Microsoft on Tuesday revealed four vulnerabilities in the Mac version of its Office suite, but then failed to produce patches for the 2004 and 2008 editions.
Office for Mac 2011, which launched Oct. 26, was the only version updated as part of Microsoft's monthly Patch Tuesday.
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Microsoft did not explain the omission of Office for Mac 2004 and Office for Mac 2008 patches, or say when it would ship updates for those editions.
"The security updates for Microsoft Office 2004 for Mac, Microsoft Office 2008 for Mac and Open XML File Format Converter for Mac are unavailable at this time," the company said in the accompanying security bulletin.
According to that bulletin, Office for Mac contains four vulnerabilities, all rated "important," the second-highest threat ranking in Microsoft's four-step scoring system. Microsoft confirmed that each bug could be used by attackers to infect a Mac with malware by labeling them with the phrase "remote code execution."
Along with a fifth bug, the same four flaws were patched Tuesday in all still-supported versions of Office for Windows.
On Windows, one of the five Office vulnerabilities lets criminals hijack a PC simply by sending a specially-crafted e-mail message. If the recipient opens the message or views it in Outlook's preview pane, "the game is over," one security expert said Tuesday.
It's not clear if the Mac versions of Office can be exploited in the same fashion; as is its practice, Microsoft provided no Mac-specific information in the security bulletin.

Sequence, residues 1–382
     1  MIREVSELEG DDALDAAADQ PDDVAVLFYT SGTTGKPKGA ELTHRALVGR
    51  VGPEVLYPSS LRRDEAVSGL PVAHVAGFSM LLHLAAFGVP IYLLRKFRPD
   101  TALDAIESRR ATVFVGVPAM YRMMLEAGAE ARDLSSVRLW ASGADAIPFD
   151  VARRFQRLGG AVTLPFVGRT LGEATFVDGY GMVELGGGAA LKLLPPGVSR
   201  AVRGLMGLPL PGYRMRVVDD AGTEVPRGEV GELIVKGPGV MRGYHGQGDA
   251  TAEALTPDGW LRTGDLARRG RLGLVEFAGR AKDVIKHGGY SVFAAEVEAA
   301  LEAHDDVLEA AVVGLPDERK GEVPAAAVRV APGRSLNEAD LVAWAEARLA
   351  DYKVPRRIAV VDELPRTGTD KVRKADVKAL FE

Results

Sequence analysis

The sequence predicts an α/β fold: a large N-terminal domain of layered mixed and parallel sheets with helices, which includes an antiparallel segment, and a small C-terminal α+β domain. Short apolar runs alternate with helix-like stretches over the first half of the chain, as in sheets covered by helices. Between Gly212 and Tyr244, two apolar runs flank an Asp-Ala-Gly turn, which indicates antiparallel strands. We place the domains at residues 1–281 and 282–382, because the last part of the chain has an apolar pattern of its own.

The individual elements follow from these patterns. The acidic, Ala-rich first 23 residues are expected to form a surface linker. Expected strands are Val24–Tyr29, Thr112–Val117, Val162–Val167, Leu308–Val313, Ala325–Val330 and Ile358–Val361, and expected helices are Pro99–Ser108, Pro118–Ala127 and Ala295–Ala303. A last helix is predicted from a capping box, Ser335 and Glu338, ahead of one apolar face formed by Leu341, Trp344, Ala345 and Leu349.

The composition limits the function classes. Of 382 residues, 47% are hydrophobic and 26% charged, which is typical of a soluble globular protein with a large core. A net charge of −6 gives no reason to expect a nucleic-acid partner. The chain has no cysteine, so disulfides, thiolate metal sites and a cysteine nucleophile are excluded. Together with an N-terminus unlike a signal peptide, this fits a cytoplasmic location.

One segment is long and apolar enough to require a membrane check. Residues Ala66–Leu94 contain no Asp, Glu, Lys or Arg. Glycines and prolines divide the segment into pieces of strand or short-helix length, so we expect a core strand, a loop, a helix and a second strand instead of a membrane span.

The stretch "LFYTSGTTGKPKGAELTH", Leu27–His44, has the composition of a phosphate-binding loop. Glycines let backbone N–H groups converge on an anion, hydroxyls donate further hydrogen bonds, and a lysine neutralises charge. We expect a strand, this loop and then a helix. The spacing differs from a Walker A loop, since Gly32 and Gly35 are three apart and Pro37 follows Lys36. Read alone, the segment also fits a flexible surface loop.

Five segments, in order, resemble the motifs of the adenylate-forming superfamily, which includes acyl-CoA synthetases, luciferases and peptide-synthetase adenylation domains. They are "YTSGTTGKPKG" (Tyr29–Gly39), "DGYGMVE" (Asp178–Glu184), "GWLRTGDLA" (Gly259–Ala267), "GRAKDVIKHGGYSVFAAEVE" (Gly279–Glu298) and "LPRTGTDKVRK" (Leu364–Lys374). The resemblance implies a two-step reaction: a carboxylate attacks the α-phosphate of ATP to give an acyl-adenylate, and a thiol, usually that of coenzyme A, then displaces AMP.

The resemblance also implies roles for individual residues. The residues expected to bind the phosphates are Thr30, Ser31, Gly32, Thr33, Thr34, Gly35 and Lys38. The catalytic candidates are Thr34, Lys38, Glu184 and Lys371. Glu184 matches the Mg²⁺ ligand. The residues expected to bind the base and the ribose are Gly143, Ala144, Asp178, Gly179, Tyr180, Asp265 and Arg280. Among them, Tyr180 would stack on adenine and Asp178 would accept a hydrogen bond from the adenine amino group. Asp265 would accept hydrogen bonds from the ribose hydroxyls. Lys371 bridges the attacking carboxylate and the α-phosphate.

Although Microsoft advisories don't delve into technical details of vulnerabilities, they do provide some information, most notably that there are flaws in specific products. Hackers may be able to use that limited information as a starting point for probes into Office for Mac 2004 and Office for Mac 2008.
In the meantime, those versions remain vulnerable to attacks that have been blocked in Office for Mac 2011.
Microsoft also addressed several non-security bugs in the 14.0.1 update to Office for Mac 2011, including stability problems in Excel, compatibility issues in PowerPoint and message deletion troubles in Outlook.
This wasn't the first time that Microsoft revealed information that could be used by hackers to seize control of a computer before providing a patch.
In May 2009, Microsoft was criticized for shipping patches for the Windows version of PowerPoint but delaying fixes for the same flaws in the Mac software until the following month.
At the time, Microsoft's security team defended the decision in a post to the company's Security Research & Defense blog, saying there that it decided on the staged update -- Windows first, Mac second -- because fixes for the former were finished, but were still being tested on the latter.
Microsoft was not immediately available late Tuesday to answer questions about why it delayed the Office for Mac 2004/2008 updates, or when they would be released.
Gregg Keizer covers Microsoft, security issues, Apple, Web browsers and general technology breaking news for Computerworld. Follow Gregg on Twitter at @gkeizer, or subscribe to Gregg's RSS feed. His email address is firstname.lastname@example.org.
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